Ex: Disappearance of a headache after taking pain reliever.
|Escape conditioning|| A type of learning in which an organism learns to make a particular response in order to terminate an aversive stimulus.|
Ex: taking medication to relieve pain / giving a crying baby a toy.
|Avoidance conditioning|| A type of learning in which an organism responds to a signal in a way that prevents exposure to an aversive stimulus.|
Ex: "prevents" the aversive stimulus from occurring in the first place.
|Discrimination|| Stimuli that signal whether reinforcement is available if a certain response is made.|
Ex: Allows the ability to determine what is inappropriate and appropriate in particular situations.
|Shaping|| The process of reinforcing responses that comes successively closer to the desired response.|
Ex: teaching a dog to "shake" by giving it a treat once it sits a slightly raises its paw etc.
Reinforcing individual responses occurring in a sequence to form a complex behavior. It is frequently used for training behavioral sequences (or "chains") that are beyond the current repertoire of the learner.
|Primary reinforcers|| Reinforcers that meet an organism's basic needs.|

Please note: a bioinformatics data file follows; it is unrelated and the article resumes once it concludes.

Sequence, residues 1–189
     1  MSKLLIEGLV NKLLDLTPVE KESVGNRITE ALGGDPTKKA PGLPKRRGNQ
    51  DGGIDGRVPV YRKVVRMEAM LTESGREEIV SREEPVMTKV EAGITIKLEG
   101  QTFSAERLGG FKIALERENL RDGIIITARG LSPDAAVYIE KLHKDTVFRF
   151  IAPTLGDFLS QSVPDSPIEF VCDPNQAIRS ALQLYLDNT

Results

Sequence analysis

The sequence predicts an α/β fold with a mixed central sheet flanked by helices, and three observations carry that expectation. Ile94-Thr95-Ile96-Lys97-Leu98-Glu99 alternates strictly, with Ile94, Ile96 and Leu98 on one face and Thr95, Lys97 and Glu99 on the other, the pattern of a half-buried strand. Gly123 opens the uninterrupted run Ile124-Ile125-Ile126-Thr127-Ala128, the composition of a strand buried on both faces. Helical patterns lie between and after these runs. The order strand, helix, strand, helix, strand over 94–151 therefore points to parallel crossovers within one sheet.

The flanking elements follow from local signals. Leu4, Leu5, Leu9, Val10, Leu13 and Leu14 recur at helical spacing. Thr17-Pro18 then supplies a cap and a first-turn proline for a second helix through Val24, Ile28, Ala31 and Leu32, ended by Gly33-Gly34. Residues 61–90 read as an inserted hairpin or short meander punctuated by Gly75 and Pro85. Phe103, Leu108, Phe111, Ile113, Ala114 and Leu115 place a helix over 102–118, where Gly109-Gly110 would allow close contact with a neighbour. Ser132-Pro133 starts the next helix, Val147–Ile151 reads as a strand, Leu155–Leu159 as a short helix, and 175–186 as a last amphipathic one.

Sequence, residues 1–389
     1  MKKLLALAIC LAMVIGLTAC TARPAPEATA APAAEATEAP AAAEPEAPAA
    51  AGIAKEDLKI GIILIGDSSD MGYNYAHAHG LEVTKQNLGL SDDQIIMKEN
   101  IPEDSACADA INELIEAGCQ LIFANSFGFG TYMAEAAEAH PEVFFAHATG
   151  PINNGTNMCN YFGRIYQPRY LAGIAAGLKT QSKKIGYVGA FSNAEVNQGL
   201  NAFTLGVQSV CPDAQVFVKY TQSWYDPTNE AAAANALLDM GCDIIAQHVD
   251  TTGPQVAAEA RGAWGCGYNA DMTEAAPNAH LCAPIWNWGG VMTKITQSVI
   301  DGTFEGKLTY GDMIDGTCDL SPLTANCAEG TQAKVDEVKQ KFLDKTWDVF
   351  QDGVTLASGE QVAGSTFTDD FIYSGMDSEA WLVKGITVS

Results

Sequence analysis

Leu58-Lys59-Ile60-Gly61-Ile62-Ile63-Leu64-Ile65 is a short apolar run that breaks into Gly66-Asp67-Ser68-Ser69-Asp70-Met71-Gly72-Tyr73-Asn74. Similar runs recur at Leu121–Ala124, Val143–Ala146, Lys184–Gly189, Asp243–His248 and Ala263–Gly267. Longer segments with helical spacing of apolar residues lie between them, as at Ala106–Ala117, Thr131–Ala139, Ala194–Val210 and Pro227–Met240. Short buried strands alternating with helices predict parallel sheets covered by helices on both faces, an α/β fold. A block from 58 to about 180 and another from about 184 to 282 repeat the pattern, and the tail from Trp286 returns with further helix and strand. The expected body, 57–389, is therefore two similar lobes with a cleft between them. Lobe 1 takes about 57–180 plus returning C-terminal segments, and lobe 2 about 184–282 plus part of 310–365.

Ex: Food & Water
|secondary reinforcers|| A reward that people or animals learn to like.|
Ex: Money & Smiles (:
|Fixed-ratio schedule|| A partial reinforcement schedule that provides reinforcement following a fixed number of responses.|
Ex: doing 20 pushups to stay fit.
|Variable-ratio schedule|| A partial reinforcement schedule that provides reinforcement after a varying number of responses.|
Ex: Slot machine jackpot
|Fixed-interval schedule|| A partial reinforcement schedule that provides reinforcement for the first response that occurs after some fixed time has passed since the last reward.|
Ex: Getting a paycheck after 2 weeks of work.
|Variable-interval schedule|| A partial reinforcement schedule that provides reinforcement for the first response after varying periods of time.|
Ex: studying for a class that has surprise pop quizzes.
|Punishment|| Presentation of an aversive stimulus or the removal of a pleasant stimulus.|
KEY: ADDING STIMULUS
Ex: Shouting "No!"
|Learned helplessness|| Learning that responses do not affect consequences, resulting in failure to try to exert control over the environment.|
Ex: "Stuff happens, and there's nothing I can do about it."
|Latent learning|| Learning that is not demonstrated at the time it occurs.|
Ex: Telling a passerby your neighborhood post office is closed on Sunday even if you have never been.
|Cognitive maps|| A mental representation of the environment.|
Ex: Allows you to explain how to get to the post office from where you are standing.
|Insight|| A sudden understanding about what is required to solve a problem.|
Ex: "mental trial-and-error" or "learning to learn"
|Observational learning|| Learning how to perform new behaviors by watching others.|
Ex: Repeating a guitar scale after an instructor plays.
Flickr Creative Commons Images
Some images used in this set are licensed under the Creative Commons through Flickr.com. Click to see the original works with their full license.
This product uses the Flickr API but is not endorsed or certified by Flickr.